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Rome Reports

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Pope's trip to Cuba: What to expect?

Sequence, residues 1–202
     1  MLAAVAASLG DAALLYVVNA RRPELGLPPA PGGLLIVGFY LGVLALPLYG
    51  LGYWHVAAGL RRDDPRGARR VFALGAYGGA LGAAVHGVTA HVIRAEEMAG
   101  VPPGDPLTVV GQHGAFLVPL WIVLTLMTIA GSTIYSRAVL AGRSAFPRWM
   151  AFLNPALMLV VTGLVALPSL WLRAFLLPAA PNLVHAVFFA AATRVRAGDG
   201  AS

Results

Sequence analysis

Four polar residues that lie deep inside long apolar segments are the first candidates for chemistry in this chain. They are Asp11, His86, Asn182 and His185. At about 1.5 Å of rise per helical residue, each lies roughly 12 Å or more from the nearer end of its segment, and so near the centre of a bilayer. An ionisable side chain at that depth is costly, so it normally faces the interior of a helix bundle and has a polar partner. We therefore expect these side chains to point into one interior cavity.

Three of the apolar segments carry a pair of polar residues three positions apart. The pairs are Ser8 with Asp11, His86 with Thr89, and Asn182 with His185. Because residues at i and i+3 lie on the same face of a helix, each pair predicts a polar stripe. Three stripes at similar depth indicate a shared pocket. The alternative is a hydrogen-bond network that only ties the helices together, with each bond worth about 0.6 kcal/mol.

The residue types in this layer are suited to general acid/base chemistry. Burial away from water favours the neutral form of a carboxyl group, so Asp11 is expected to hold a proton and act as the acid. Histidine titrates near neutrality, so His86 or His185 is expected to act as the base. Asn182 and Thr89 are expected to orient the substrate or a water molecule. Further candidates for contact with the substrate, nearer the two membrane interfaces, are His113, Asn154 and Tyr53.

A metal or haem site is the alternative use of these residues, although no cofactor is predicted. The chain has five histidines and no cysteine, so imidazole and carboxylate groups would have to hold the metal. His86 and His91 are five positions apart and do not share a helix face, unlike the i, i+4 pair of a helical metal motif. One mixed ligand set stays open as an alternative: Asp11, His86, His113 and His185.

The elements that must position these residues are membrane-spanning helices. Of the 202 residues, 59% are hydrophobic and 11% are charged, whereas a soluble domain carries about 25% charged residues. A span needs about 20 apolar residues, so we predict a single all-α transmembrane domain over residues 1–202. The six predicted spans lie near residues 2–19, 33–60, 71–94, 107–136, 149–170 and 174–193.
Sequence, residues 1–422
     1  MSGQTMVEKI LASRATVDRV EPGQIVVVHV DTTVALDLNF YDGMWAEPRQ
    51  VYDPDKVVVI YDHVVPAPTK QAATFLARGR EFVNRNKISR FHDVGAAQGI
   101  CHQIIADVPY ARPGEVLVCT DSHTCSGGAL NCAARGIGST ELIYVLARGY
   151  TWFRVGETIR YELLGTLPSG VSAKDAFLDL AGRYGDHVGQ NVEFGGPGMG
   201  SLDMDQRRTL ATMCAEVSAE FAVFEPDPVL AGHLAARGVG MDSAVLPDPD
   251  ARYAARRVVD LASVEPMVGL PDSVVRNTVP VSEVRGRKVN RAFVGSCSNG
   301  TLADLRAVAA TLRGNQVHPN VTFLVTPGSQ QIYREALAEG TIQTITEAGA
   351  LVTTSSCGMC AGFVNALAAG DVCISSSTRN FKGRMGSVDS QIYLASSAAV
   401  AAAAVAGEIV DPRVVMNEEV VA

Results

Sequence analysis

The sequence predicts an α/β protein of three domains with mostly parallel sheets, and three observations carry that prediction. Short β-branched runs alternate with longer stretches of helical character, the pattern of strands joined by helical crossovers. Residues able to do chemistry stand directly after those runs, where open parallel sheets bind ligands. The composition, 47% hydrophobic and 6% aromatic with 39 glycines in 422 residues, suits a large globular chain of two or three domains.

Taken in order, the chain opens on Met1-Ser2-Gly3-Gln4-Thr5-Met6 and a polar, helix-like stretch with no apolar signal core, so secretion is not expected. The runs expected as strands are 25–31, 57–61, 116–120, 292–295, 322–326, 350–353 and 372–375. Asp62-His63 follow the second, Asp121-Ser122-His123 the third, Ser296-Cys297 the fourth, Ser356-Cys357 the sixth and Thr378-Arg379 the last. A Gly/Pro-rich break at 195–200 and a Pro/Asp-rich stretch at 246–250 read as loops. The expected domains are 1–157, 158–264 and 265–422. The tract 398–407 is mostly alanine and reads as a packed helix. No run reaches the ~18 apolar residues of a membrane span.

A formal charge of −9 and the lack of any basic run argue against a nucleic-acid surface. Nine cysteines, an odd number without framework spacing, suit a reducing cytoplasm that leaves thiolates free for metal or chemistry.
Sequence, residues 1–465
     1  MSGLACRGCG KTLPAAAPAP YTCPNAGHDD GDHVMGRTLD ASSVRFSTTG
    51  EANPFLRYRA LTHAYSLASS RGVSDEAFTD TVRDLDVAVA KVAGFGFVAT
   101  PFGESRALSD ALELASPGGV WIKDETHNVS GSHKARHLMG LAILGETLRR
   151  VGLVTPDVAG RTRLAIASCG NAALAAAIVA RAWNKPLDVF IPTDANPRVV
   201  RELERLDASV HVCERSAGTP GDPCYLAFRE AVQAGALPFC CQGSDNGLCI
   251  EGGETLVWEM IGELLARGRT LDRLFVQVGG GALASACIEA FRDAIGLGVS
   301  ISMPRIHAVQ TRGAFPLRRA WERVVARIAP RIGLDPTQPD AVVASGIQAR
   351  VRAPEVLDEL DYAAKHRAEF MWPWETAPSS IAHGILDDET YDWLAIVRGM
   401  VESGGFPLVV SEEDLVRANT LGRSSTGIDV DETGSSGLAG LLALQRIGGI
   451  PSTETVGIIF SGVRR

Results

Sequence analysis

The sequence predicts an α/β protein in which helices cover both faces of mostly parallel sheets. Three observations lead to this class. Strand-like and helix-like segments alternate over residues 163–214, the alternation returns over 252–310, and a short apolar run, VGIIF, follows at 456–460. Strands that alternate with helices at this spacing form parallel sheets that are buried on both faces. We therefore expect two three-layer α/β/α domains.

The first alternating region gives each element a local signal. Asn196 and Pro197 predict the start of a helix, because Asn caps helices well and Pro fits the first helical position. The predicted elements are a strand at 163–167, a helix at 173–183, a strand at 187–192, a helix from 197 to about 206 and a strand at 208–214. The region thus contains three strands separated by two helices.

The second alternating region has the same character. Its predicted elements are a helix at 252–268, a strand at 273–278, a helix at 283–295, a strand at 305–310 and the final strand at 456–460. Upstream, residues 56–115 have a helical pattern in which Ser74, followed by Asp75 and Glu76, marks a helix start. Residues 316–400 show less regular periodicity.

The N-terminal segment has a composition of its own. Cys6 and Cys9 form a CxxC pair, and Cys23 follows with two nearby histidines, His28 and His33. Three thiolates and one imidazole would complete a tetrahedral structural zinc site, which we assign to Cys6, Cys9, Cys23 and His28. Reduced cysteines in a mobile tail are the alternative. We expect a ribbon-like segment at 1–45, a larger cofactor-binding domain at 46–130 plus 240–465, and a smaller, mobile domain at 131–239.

From its politics to its culture, Cuba has always made headlines. Now that Pope Francis is planning his trip there, the island will be given an international spotlight.  It's been a long journey--From John Paul II to Benedict XVI and now Pope Francis.  MICHAEL DRIESSEN Professor, John Cabot University  "He has always positioned himself in continuity with the popes who came before him, even as he does things in a different way and opens up the papacy to different possibilities.â?  The situation in Cuba has changed over the years, as has its stance on religion. Whereas before, following the revolution, it was quite hostile towards the Catholic Church, priests and nuns, now, it has given it more flexibility.  The island has a population of about 11 million people. The Church estimates that about 65 percent is Catholic, but only about 5 percent attend Mass regularly.  Even so, Professor Michael Driessen, from Rome's John Cabot University says, one cannot underestimate the role of religion in  social and political life.  MICHAEL DRIESSEN Professor, John Cabot University  "Even if we said that it is declining, at no time in the last 50 years has religion been at the forefront of global politics.â?    When John Paul II first visited Cuba, a different Castro led the small nation. Now, Pope Francis will visit a different Cuba, also led by a different Castro.  It will mark a new chapter for the island and more than likely also strengthen the faith of Cuban Catholics.  KLH  RR -VM -PR Up: FV